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Mr. ELLENBOGEN. But very few of them paid any tax that took in a period subsequent to February? Mr. DORR. Oh, yes. But I think you are wrong on that.

Mr. KELLER. Was there a letter? If so, what did it contain?

Mr. Dorr. All that was written, Mr. Ellenbogen, was the suggestion to the mills that until the matter can be further considered that adjustments be held pending that further consideration. That further consideration was taken and the recommendation went out to the mills to make those adjustments just as promptly as they could be made.

Mr. ELLENBOGEN. But the letter was written asking them to withhold the adjustment, wasn't it?

Mr. Dorr. Asking them to hold it. I think it was suggested to them until further conferences; that the matter remain in status quo.

Mr. KELLER. In other words, not pay the tax?
Mr. Door. No; it was not a question of paying the tax at all.

Mr. ELLENBOGEN. The letter had been sent out long before this letter in January asking them not to pay any taxes?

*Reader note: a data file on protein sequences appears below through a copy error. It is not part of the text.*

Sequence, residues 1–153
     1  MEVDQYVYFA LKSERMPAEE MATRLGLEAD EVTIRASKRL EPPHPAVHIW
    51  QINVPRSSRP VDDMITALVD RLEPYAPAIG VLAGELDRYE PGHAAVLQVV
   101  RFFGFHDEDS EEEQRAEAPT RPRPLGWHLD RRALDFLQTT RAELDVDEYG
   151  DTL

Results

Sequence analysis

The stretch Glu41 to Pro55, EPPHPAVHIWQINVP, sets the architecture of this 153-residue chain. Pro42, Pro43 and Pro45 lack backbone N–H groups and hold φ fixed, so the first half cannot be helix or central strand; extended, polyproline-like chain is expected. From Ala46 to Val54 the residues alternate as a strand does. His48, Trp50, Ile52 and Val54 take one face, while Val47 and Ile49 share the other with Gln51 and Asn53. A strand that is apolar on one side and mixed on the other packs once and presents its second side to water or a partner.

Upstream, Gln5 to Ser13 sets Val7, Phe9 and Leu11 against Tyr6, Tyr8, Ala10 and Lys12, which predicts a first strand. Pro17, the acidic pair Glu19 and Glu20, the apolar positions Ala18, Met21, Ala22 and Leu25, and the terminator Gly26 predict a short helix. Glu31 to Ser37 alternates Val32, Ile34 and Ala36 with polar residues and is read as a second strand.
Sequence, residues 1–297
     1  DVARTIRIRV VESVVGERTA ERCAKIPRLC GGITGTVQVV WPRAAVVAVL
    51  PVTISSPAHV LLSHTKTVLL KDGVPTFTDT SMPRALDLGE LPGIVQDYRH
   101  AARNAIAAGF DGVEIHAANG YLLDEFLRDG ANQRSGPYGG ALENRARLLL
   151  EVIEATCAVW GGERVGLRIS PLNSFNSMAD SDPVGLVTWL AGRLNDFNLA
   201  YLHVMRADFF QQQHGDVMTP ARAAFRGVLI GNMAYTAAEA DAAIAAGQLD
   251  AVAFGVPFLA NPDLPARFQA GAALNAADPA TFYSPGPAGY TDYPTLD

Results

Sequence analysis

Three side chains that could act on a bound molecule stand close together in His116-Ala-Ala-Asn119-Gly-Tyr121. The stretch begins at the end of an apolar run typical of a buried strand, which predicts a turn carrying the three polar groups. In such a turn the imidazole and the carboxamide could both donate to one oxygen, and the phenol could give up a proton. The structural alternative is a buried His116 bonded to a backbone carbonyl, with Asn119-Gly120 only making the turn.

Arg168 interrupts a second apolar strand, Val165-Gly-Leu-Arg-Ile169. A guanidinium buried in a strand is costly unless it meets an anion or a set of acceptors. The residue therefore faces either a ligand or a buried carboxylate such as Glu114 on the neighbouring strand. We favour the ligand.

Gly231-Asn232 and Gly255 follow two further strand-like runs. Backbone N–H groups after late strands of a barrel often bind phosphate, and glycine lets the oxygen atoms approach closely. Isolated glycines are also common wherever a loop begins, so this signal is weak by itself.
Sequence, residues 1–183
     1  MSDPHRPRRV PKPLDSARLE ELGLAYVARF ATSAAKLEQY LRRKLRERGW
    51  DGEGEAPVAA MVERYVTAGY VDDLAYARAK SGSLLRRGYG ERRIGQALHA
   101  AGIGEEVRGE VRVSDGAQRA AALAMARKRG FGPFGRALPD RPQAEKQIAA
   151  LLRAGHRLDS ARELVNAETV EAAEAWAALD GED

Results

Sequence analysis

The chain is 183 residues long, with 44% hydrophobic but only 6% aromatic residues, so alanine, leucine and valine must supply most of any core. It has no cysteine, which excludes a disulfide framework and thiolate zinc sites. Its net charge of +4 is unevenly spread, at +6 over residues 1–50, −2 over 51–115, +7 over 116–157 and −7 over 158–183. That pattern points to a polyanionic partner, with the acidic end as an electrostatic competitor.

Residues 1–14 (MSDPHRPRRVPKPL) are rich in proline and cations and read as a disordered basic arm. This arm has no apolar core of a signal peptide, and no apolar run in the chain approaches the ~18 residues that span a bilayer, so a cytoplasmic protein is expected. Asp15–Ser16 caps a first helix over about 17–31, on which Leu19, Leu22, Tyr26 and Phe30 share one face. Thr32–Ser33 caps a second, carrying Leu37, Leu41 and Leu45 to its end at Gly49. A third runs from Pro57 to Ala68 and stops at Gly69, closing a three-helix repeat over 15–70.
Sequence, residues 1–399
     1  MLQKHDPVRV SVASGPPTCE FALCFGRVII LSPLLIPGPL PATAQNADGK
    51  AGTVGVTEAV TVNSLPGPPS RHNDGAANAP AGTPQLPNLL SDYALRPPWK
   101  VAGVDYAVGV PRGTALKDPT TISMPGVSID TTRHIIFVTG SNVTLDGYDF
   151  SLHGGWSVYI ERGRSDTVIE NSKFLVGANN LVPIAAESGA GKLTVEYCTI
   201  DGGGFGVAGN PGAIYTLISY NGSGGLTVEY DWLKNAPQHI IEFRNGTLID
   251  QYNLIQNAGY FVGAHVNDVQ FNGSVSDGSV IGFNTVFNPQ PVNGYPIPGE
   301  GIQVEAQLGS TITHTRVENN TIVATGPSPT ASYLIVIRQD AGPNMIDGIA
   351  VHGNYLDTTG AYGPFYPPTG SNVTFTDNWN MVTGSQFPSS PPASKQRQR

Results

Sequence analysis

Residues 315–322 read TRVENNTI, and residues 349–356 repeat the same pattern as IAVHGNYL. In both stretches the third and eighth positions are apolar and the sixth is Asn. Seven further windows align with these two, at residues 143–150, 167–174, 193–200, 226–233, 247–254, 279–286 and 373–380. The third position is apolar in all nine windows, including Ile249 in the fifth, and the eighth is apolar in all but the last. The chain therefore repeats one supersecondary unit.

Mr. DORR. No; there was never a letter such as that.

Mr. ELLENBOGEN. The industry was notified not to pay the processing tax after this decision.

Mr. Dorr. Not by the institute, not ever. As a matter of fact, the industry kept on paying taxes very generally and, in fact, completely, I would say until the circuit court of appeals had held them invalid.

Mr. ELLENBOGEN. But, Mr. Dorr, the taxes are not collected. But when they are collected they are not paid up to the date of collection but for a period prior to that; so the industry, in most of the cases only paid the taxes up to February, and the contracts you have told us about are only 120-day contracts. What are you going to do with the money the industry has collected as the agent of the Government prior to this 120-day period?

Mr. Dorr. It did not collect money as an agent of the Government. Mr. KELLER. Did they collect money for processing taxes? Mr. DORR. From whom? Do you mean from customers? Mr. KELLER. Yes; from customers. Mr. DORR. The processing tax was an element of cost like wages. The selling prices, as indicated by the examination of returns to the Federal Trade Commission, 1934, in many instances did not cover the processing tax. A large part of the goods were goods on which the mill had absorbed the tax and did not pass it on. It paid the tax to the Government but did not succeed in passing it on to the customer.

Mr. KELLER. If a manufacturer was really not collecting and not paying to the Government